Day 587: Annoy in Troy

The Mind’s Eye group left the Finger Lakes Region behind and headed east to Troy on the Hudson River. They chose to take secondary roads rather than the freeway. Their route passed in the vicinity of several state forest preserves, where the group stopped to hike and view wildlife. After visits to Beaver Creek, Skinner Hill, and Mallet Pond, they arrived at their ultimate destination. Named after the famous city from Homer’s Iliad, Troy was founded in the late eighteenth century. Today it has a population of around 50,000.

After checking into their lodging, the group visited the Rensselaer Polytechnic Institute campus for a walkabout. At the campus-area bar where Laetitia went for her post-tour libation, she overheard a conversation among some parents whose progeny were soon to be freshmen and had assembled on campus for orientation. They were complaining about Jake, a friend of their children who was a bad influence. He became the subject of the limerick of the day.

‘Twas his duty, Jake thought, to annoy
All adults from the city of Troy
Be they teachers or preachers
Or fans in the bleachers
Who encountered this rowdy teen boy.

Day 586: Penn Yan Plan

The distance from Middlesex, New York to Penn Yan is only about 10 miles, so Laetitia chose to go there in a roundabout way. They began with a hike through the wooded hills and marshlands of High Tor Wildlife Management Area. Afterward they rented bicycles and went riding in Harriet Hollister Spencer Park. Then they went north along the western shore of Canandaigua Lake, rounded the north end of the lake, and headed south to Penn Yan, which is located at the north end of Keuka Lake.

Penn Yan’s somewhat unusual name, which might seem of Asian origin to some, came about because the early settlers got tired of calling themselves Pennsylvania Yankees, so they shortened the phrase to “Penn Yan,” and that eventually became the name of their town.

During happy hour Laetitia watched a man making the rounds of all the ladies in the bar. When he eventually got to Laetitia, she found out his line was that he was a drama coach casting for a theatrical agency in New York. He promised each girl the possibility of a role in a Broadway play, providing she passed an audition that would be held locally. When Laetitia’s grin told him that she viewed his spiel as bovine feces, he moved on, bypassing the woman on the bar stool next to her. The woman introduced herself and said, “You’re new here. He didn’t bother with me because I’ve heard his line before and rejected it. His only connection to the theater world is playing the rear end of a horse in a local community theater production. The audition, of course, is in the back of his van.” Laetitia smiled, thanked her for the enlightenment, and later wrote the limerick of the day.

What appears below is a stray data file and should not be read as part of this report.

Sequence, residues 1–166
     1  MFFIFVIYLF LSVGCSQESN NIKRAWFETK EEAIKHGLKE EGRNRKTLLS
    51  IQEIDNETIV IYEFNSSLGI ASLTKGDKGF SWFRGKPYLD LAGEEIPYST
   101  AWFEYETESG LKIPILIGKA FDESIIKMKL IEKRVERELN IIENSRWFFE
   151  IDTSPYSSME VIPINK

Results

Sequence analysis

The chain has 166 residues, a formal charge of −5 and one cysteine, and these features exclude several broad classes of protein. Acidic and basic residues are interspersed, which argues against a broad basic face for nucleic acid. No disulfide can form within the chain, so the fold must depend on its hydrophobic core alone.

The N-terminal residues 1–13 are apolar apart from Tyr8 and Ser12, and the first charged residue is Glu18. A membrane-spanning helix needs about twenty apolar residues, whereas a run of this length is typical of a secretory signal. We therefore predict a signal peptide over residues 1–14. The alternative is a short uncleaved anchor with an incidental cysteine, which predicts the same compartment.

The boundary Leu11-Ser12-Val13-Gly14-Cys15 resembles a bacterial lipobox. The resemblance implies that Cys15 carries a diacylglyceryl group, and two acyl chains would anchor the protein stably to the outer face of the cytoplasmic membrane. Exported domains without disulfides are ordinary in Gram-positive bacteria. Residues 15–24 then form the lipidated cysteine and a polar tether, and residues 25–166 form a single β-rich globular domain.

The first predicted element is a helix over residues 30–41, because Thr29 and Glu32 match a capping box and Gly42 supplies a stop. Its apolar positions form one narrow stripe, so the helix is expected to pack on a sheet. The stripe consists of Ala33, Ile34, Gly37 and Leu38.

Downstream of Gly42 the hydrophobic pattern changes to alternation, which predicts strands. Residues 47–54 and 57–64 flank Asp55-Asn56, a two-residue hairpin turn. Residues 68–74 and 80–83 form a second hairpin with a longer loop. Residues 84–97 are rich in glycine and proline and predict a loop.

A faux drama coach in Penn Yan
Offered girls in a devious plan
A role in a play
In New York, on Broadway,
If they passed a tryout in his van.

Day 585: Middlesex Rex

The Finger Lakes region of New York is quite scenic, and Laetitia decided to spend another day or two there. On the way to Middlesex, their day’s destination, the Mind’s Eye stopped in Letchworth State Park. The park is sometimes known as the “Grand Canyon of the East” because of its magnificent scenery. Here the Genesee River passes through a gorge with cliffs as high as 600 feet. The river passes over three major waterfalls as it traverses the gorge. The group spent the day hiking on some of the park’s 66 miles of hiking trails.

The town of Middlesex, New York, was founded in 1789 on the shore of Canandaigua Lake. Its original name, Augusta, was dropped in 1808 to avoid confusion with another New York settlement with the same name. Middlesex England, which has now become part of greater London, was the likely the inspiration for its current name. A conundrum that arose during an overheard conversation at a table near Laetitia’s happy hour barstool inspired the limerick of the day.

A question that often did vex
An upstate New Yorker named Rex
When he went on a bender
Was, “What is the gender
Of the folks who live in Middlesex?”

Day 584: Valley View

The route from Bath to Great Valley, New York, the Mind’s Eye group’s next destination, passed through several state forests: Klipnocky, Gas Springs, and Plumbottom. One of Laetitia’s guests on the tour, a college professor whose research interest was folklore, had suggested Klipnocky State Forest because of the legend of the “hairy women of Klipnocky.” It is uncertain how the story of these creatures of the bigfoot genre came to be. However every year the nearby town of Canaseraga puts on a Hairy Women of Klipnocky Beauty Contest during their Fall Festival. Laetitia decided to skip the contest—in which many of the entrants were hirsute men in drag—and instead do some hiking and birdwatching in that state forest. She chose Gas Springs State Forest and Plumbottom State Forest because she thought they might be candidates for a book like Bailey and Hurst’s Rude World. She acknowledged that the Brits have a definite edge when it comes to place names that seem rude to minds that run in certain channels, but she thought she would check them parks out anyway.

When they reached Great Valley, Laetitia visited the local pub, as was her habit. The happy hour gossip that afternoon was about an innovative cheerleader who found an imaginative way to encourage the crowd to be spunky.

In front of a football pep rally
A buxom cheerleader named Allie
Did cartwheel and prance
Without wearing pants
And shocked the whole town of Great Valley.